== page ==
Popular Science features expertise of UW-Madison’s Enright on psychology of forgiveness

Popular Science magazine recently featured the expertise of UW-Madison’s Robert Enright in an article on forgiveness.

Enright, a professor with the School of Education’s Department of Educational Psychology, has been researching how forgiveness affects wellbeing at locations across the globe for more than three decades.


According to Popular Science, expanding research on the topic suggests that living with anger can be harmful to both mental and physical health. However, forgiving someone can be more complicated than it sounds.

Many are concerned that forgiving someone is about the other person and might mean letting an abuser back into their lives, or showing kindness to someone that doesn’t necessarily deserve it. Enright and other forgiveness scholars, though, consider forgiveness to be a conscious decision that is completely internal.

“Most people have used the word forgiveness all their lives,” Enright tells Popular Science. “We have these really harmful colloquial ideas about what forgiveness is.”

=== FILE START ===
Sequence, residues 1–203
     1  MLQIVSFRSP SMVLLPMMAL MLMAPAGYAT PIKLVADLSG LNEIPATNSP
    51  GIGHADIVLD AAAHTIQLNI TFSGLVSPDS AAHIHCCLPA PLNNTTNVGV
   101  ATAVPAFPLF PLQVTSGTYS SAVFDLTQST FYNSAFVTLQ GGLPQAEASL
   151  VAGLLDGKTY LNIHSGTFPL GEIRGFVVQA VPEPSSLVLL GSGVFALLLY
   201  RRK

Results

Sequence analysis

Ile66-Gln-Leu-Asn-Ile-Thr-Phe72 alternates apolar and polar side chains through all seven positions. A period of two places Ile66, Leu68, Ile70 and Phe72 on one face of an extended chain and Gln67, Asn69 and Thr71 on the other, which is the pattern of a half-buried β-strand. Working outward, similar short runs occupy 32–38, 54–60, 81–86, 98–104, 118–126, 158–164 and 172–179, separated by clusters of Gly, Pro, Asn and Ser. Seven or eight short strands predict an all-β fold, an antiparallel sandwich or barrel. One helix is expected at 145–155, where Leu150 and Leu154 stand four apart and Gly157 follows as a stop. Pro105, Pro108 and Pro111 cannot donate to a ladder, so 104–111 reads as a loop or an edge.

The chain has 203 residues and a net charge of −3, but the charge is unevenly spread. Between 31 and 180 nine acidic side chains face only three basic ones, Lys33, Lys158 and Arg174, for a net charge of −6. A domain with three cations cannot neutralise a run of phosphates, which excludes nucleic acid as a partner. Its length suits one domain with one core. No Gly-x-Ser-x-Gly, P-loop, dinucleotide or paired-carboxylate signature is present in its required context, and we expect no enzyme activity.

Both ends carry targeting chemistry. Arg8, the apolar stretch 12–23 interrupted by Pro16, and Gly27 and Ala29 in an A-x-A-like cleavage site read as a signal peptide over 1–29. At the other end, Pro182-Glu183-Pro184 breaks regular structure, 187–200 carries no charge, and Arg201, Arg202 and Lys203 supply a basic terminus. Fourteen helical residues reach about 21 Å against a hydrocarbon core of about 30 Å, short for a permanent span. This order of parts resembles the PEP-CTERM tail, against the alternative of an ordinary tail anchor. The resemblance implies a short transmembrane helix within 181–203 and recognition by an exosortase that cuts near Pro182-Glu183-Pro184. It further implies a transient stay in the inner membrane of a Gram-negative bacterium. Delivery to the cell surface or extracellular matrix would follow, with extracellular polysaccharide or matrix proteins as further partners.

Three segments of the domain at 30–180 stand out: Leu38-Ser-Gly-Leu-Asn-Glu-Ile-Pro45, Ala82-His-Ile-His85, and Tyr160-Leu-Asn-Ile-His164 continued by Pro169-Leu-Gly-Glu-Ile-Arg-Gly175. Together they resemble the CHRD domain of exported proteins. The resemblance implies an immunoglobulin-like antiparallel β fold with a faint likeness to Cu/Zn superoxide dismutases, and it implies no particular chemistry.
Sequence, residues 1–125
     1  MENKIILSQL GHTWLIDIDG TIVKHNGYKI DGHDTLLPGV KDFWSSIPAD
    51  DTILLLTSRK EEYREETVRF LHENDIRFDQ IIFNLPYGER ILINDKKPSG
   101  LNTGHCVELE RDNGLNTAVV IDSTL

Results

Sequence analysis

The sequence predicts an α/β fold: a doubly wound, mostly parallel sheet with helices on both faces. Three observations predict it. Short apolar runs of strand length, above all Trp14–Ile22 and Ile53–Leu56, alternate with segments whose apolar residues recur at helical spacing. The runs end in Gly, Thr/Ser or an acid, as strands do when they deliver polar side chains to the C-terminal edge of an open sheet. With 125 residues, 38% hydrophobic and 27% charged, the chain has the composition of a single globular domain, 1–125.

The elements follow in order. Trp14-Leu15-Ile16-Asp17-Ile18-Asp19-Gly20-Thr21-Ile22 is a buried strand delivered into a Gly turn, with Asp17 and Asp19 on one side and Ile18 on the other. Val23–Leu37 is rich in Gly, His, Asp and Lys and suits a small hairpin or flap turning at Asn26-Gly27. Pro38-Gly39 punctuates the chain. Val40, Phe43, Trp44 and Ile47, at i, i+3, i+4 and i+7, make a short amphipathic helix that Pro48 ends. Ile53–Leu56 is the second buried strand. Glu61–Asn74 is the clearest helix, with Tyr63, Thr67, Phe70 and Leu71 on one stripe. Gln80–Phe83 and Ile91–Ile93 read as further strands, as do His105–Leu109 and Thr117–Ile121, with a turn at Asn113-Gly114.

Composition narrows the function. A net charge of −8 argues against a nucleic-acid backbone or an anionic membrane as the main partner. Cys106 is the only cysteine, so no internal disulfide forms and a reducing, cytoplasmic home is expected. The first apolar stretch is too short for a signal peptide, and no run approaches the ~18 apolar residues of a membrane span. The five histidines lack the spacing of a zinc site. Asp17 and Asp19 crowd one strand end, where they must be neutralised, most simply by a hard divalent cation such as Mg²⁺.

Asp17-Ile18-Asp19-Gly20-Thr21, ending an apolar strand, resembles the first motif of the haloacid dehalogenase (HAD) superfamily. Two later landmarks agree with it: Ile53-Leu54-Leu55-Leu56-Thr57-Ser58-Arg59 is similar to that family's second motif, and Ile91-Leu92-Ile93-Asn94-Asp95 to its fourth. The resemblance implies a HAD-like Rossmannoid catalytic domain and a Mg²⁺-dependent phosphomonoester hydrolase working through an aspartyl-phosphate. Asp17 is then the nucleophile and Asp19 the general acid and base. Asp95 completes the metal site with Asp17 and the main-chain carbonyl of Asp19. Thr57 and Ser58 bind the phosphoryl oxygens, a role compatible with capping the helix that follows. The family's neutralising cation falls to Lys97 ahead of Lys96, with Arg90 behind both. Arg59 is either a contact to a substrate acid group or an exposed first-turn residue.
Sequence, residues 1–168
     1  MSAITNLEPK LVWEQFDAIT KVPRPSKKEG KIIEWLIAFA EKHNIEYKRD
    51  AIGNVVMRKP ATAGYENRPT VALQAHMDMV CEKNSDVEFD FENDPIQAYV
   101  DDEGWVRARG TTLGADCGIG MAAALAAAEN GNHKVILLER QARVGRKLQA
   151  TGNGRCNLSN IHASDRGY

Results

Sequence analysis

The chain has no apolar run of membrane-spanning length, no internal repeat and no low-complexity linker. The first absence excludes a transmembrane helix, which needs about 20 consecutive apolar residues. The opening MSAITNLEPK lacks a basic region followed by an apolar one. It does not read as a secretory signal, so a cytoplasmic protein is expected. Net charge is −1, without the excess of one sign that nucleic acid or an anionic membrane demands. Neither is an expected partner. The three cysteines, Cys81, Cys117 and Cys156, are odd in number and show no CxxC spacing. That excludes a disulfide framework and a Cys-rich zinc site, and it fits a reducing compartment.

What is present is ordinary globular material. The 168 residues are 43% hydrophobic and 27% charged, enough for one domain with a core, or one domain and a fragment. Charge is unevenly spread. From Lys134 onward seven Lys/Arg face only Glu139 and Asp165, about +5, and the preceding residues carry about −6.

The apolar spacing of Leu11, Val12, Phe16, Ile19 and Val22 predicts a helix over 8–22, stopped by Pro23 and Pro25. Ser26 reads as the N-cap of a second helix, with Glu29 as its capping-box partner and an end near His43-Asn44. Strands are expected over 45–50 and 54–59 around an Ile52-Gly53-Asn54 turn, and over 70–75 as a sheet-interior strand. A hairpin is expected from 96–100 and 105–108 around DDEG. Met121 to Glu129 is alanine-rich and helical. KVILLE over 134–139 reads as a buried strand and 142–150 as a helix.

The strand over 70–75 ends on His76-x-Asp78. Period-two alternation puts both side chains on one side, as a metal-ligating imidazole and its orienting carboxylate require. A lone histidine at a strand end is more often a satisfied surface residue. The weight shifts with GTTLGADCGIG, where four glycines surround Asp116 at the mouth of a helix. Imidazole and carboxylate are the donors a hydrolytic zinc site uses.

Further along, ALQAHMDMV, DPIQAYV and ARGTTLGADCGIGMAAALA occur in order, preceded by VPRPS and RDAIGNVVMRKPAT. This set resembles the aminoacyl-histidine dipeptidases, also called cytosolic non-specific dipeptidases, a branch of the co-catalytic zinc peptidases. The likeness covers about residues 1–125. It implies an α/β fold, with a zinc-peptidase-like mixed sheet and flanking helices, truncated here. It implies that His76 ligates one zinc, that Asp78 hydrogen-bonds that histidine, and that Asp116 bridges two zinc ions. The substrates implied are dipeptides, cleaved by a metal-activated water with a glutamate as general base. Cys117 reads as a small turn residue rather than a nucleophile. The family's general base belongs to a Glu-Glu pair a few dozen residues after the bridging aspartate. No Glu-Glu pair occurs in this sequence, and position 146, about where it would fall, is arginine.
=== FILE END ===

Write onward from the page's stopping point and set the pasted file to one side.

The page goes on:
Enright goes on to explain that the key is to separate ideas of reconciliation and forgiveness. While reconciliation is a negotiation process meant to save or preserve something, forgiveness is a virtue that guides actions and is meant to provide relief.

Noting that forgiveness is a choice for people who have been deeply hurt by another, Enright has constructed a framework for teaching people how to forgive and developed it into a 20-step program. The program is divided into four phases: uncovering your anger, deciding to forgive, working on forgiveness, and discovery and release from emotional pain.

The first step towards forgiveness is deciding not to harm the person who hurt you, but it’s not about ‘hugging it out,’ like colloquial ideas would suggest. It’s about letting go of a desire to hurt or demean that person somehow. “In the face of being harmed,” Enright says, “You’re choosing to do the opposite.”

Read the Popular Science article here.

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